- Designated, crisis-ready spokespeople and leaders and identified external experts (e.g., legal, public relations)
- Prepared, templated materials that can be easily customized and distributed using previously determined communication channels
- A monitoring and listening process to better understand the issue, follow marketplace conversations and evaluate how best to meet stakeholders where they’re at
The plan and team responsible should align closely with the organization’s business continuity and compliance groups to ensure an integrated response strategy that can protect all areas of the organization.
4. Refresh the crisis management plan often
The organization should keep its crisis management plan fresh, widely understood and active using drills and practice opportunities. Hold crisis training sessions to evaluate the plan’s effectiveness in some of the high-likelihood crisis scenarios detailed earlier. These routine training exercises ensure the plan stays current, and the team responsible knows their role should a crisis hit.
A crisis management plan readies an organization for a crisis, providing the structure and preparedness necessary to navigate future crises with clarity and confidence.
A crisis management plan goes from being a preparedness tool to an action plan when a crisis hits. At this point, organizations move to the Respond phase of crisis management and communication.
Businesses will rarely have as much information as they’d like when responding to a crisis. A clear action plan helps responders confidently evaluate the situation and choose the appropriate strategy. The severity of the crisis, determined by the overall impact to the business, will drive the correct level of response.
Organizations that respond quickly with transparent and truthful information are more likely to navigate a crisis well and strengthen trust with customers, employees and other stakeholder groups. If the company made a mistake, they should acknowledge it, explain how they will correct it and detail what steps they are taking to ensure it doesn’t happen again. Open, honest and consistent communication is vital.
GUIDANCE FOR CRISIS-READY LEADERS
The Respond phase requires leaders to step up and be visible with timely, clear and transparent communication. Leaders must be willing to talk openly with stakeholders to prevent incorrect assumptions and the spread of false information.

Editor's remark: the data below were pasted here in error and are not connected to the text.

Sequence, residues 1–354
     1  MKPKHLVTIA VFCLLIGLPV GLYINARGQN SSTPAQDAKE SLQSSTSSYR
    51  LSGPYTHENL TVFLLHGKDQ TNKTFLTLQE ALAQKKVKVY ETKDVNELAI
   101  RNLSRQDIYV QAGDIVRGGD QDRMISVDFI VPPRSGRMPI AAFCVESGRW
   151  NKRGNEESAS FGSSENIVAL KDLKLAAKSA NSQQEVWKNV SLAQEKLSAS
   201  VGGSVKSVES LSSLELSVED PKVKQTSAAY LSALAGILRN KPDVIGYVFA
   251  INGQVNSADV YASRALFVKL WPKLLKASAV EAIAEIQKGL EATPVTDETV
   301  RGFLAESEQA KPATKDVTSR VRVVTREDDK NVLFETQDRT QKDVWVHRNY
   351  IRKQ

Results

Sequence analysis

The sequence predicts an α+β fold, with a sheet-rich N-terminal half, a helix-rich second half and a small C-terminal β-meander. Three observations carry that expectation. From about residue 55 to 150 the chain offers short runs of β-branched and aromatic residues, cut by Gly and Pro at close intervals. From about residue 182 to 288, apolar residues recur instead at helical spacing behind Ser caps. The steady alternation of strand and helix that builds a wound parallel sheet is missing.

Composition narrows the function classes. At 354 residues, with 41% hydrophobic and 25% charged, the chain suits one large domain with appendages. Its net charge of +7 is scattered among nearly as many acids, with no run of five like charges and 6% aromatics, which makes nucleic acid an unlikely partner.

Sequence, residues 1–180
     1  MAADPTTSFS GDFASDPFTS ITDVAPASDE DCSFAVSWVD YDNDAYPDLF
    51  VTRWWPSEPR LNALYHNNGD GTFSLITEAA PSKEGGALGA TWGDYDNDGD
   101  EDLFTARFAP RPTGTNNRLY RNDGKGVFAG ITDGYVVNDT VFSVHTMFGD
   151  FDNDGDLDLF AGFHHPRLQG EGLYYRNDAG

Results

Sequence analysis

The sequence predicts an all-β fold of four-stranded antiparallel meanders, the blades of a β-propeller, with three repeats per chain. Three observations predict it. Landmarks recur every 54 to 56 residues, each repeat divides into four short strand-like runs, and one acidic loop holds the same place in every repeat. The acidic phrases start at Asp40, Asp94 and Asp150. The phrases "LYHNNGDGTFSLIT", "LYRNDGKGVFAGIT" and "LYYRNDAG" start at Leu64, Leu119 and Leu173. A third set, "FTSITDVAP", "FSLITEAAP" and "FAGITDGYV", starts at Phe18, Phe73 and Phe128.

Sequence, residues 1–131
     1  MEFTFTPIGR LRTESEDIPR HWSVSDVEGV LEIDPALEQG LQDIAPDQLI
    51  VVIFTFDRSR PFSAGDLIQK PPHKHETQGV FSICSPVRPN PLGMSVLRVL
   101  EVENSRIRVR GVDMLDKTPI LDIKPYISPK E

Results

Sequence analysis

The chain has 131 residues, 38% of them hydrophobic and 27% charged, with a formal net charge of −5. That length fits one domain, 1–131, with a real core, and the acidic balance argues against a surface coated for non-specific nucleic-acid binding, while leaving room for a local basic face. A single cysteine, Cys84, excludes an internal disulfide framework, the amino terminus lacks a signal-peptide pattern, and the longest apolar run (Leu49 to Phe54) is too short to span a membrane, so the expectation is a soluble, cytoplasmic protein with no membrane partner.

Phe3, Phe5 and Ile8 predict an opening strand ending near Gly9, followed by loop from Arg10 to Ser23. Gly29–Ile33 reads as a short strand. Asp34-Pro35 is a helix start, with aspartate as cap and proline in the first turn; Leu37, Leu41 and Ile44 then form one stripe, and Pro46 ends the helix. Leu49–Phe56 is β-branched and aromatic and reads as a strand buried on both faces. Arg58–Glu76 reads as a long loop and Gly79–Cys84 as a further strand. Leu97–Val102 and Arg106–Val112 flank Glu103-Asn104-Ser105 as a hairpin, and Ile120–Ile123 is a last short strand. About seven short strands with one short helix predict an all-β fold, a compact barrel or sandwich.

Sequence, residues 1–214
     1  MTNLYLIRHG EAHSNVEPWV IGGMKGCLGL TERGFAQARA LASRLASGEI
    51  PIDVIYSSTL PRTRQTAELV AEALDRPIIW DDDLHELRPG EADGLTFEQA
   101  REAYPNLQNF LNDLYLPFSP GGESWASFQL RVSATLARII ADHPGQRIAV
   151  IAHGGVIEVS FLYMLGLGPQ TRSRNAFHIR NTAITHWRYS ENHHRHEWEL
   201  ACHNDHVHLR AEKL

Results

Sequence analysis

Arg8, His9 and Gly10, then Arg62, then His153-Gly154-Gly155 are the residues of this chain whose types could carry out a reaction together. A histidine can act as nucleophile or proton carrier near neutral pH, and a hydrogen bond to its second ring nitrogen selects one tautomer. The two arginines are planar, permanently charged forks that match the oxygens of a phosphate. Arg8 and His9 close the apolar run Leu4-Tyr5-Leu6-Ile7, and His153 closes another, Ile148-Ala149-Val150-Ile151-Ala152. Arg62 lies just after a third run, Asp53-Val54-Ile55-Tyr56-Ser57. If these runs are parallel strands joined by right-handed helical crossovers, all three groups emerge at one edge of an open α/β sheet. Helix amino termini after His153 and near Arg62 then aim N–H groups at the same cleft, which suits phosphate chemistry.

Use communication to sustain trust and protect brands
Organizations can navigate the Respond phase with greater success and clarity when using the power of communication to its full potential. Embrace the communication strategies below for effective stakeholder engagement.
1. Listen and create a feedback loop
Responding to a crisis is as much about listening as it about sharing information. Take time to listen to customers and employees to understand how they’re feeling and what they need. Listening shows that the organization cares. It can also generate insights needed to genuinely address stakeholder concerns and questions and avoid a tone-deaf response.
Make listening more than just a one-time event by putting feedback loops in place. Gather feedback from stakeholders by encouraging customers, employees and partners to submit their thoughts and opinions through various tools, channels and platforms. Invest in listening tools that help the organization assess the marketplace and customer sentiment online and in social channels. Feedback received from these listening methods helps the organization understand what its stakeholders are thinking, experiencing and expecting — valuable information to better guide the organization’s response and actions.
2. Show up authentically, transparently and consistently
Timely and transparent communication alleviates speculation and confusion. Organizations should avoid the temptation of going into hiding or saying nothing when a crisis strikes. Doing so leads to suspicion and loss of trust. Instead, organizations should show up for their customers, employees and communities by explaining the situation and the actions they’re taking to move forward. Continuing with consistent communication is crucial after the initial response, especially if the crisis is a sustained situation. Regular and proactive updates, even when there is nothing new to share, reduces the chance that people will make assumptions based on misinformation or fear.
3. Keep information simple and factual
Communicating accurate information simply and concisely will also help reduce speculation and assumptions, especially when delivered calmly and confidently. The amount of information in a crisis and the speed at which it can change may be overwhelming and cause people to feel uncertain, anxious or fearful.
Delivering straightforward information from credible sources ensures that everyone understands the situation, is aligned with the organization and trusts what is shared. Reliable, clear and consistent communication is vital to maintaining business continuity and establishing stability.
4. Use a multi-channel approach — and adjust your messages
Organizations should refer back to their crisis management plan to review the preferred communication channels outlined for each stakeholder audience. Use a variety of channels to engage stakeholders by leveraging online, offline and in-person tactics.
Be mindful of the marketing messages distributed externally when engaging stakeholders during a crisis. Business must go on, even during a crisis, but auditing and adjusting marketing campaigns ensures the organization isn’t distributing brand messages that stakeholders could perceive as misguided or opportunistic.